Valid points Ripper and will not dispute them. But just my view and as one as a pensioner, you start to realize you become totally dependent on other peoples actions to safe guard your own financial well being. Pensions were thought of as automatic and gold not too long ago and I certainly would never have thought of my pension as being "at risk". But the climate and attitudes towards pensions are changing rather quickly. Are these arguments in the courts seen as eternal safeguards or just "Custard's last stand"? I do not know, but it certainly has given me pause as for all practical purposes I live on a "one legged" retirement stool.


Sent from my iPad using Tapatalk
Thanks, Mully. Well, as a LBYM type I certainly have other legs to hold up my stool. It is just a shame we have come to this because others stole the money.
__________________
ripper1 is offline   Reply With Quote
Old 01-17-2015, 01:00 PM   #13
Recycles dryer sheets
 
Join Date: Aug 2011
Location: Atlanta
Posts: 420
Quote:
Originally Posted by wkoukios View Post
Hello everyone, I have been browsing around this forum and have picked up many tips from all of you.

Here is my multiple faceted dilemma. I have the ability to purchase 2 additional years of pension benefits for aprox $80,000.

The benefit increase from the 2 additional years will increase the pension $5000 a year for life and transfers 100% to spouse.

This pension also has a 3% increase every year.

I am torn. This is with the Illinois, so it could be defaulted on in the future and I am out 80k. The 3% cola is at risk too.

Thanks for any input!
I had the same chance and decided against it because I did not want
to put any more money in one place.
__________________
SJ1_ is offline   Reply With Quote
Old 01-17-2015, 01:10 PM   #14
Give me a museum and I'll fill it. (Picasso)
Give me a forum ...
Mulligan's Avatar
 
Join Date: May 2009
Posts: 7,379
Quote:
Originally Posted by ripper1 View Post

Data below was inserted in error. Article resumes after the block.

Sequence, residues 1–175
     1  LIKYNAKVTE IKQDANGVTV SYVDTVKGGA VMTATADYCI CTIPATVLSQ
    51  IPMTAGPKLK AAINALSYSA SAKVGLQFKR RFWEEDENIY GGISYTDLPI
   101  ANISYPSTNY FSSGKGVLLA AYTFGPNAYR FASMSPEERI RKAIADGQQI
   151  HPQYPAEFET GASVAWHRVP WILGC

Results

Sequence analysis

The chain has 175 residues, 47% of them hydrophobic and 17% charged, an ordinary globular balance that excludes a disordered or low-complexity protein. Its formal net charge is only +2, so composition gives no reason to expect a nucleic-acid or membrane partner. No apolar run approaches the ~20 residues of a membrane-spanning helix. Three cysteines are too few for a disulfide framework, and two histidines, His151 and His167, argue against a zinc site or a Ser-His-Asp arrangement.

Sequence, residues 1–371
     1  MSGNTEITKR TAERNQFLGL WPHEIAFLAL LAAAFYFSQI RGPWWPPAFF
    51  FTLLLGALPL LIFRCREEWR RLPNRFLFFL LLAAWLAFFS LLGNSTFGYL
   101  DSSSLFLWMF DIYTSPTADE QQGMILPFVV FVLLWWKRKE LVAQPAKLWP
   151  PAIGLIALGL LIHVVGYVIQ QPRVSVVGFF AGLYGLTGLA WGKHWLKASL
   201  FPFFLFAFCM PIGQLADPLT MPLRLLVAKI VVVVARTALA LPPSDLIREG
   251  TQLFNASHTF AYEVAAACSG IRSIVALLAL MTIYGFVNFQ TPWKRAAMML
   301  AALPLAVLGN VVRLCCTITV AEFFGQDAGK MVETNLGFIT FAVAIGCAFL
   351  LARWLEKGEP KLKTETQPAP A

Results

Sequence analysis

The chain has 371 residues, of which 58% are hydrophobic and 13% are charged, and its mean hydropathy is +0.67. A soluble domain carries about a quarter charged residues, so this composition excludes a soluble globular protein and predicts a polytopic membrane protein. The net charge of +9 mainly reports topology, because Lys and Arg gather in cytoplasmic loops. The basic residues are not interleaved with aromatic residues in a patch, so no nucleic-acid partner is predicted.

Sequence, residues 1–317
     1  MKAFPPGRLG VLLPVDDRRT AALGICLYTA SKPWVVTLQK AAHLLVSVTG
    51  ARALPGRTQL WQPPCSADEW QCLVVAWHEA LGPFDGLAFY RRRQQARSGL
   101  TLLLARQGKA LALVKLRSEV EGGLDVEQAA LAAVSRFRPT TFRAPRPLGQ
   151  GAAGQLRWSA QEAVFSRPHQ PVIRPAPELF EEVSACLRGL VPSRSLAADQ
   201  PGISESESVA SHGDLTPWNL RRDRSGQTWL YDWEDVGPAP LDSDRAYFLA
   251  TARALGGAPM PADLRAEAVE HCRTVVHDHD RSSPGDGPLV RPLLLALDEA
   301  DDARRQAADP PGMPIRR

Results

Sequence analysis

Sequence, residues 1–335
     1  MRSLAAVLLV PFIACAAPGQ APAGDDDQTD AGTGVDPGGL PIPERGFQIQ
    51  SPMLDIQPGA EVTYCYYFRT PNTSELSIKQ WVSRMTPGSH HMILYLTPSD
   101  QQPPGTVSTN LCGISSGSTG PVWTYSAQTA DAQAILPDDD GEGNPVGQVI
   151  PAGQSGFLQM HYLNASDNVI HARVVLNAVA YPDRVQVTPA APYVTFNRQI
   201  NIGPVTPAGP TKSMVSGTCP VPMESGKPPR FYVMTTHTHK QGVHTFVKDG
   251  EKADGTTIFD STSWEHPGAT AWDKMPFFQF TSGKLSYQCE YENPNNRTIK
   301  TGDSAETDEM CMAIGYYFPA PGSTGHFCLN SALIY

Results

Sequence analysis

Thanks, Mully. Well, as a LBYM type I certainly have other legs to hold up my stool. It is just a shame we have come to this because others stole the money.

That is certainly true Ripper. In my situation though, all money has been contributed from both sides and it's questionable how it all will shake out 30 years down the road as it is based on the dreaded 8% yearly assumed return.
Looking back, I could kick myself for not saving more, but as I was rolling through the years I thought "they already are taking nearly 15% and matching the same amount and when I retire I will make as much as I was working and it's COLA'd who needs to save?"
Well the past 5 years I have saved more (and some side gigs) than I had my entire working career as a buffer down the road.... Give me 10 more years and I can survive a big haircut if it ever would happen. The trouble is if things went bad which lever are they gonna pull? Lower the multiplier? Hit the newbies and extend years of service? Raise retirement age? End Cola's? Cut existing pension? I do not know which lever they would pull, so I am assuming it's mine. It's not like I am hoarding every penny I get, but I am being vigilant, as I don't want to be looking for a job at 70. Heck I barely wanted to work in my 40's.


Sent from my iPad using Tapatalk
__________________
Mulligan is offline   Reply With Quote
Old 01-17-2015, 01:14 PM   #15
Recycles dryer sheets
Greencheese's Avatar
 
Join Date: Oct 2013
Posts: 261
Quote:
Originally Posted by ripper1 View Post
While Illinois is in trouble with their pensions that doesn't mean people are not going to be made whole. The system is in trouble because legislators decided to take pension holidays and not fund them for years. Instead used that money on pet projects and various services where people ordinarily would be paying an increased tax for. Illinois has had an artificially low flat tax for years and now the chicken has come home to roost. Illinois has a pension reform bill (SB1) presently awaiting the Illinois Supreme Court. Already was ruled unconstitutional by lower court. Attorney general Lisa Madigan will argue the state can use its soveriegn police powers to urge the Supremes to uphold the law because the state is in such dire straits. A couple of things stand out that hurt her argument. First being the corporate welfare that goes on this state where two thirds of major corporations effectively pay 0 in state taxes. Some of them actually collect their employees income taxes. Also they just reduced the state income tax from 5% to 3.75%. Seems like a lot of revenue for a state to leave on the table when they are hurting so much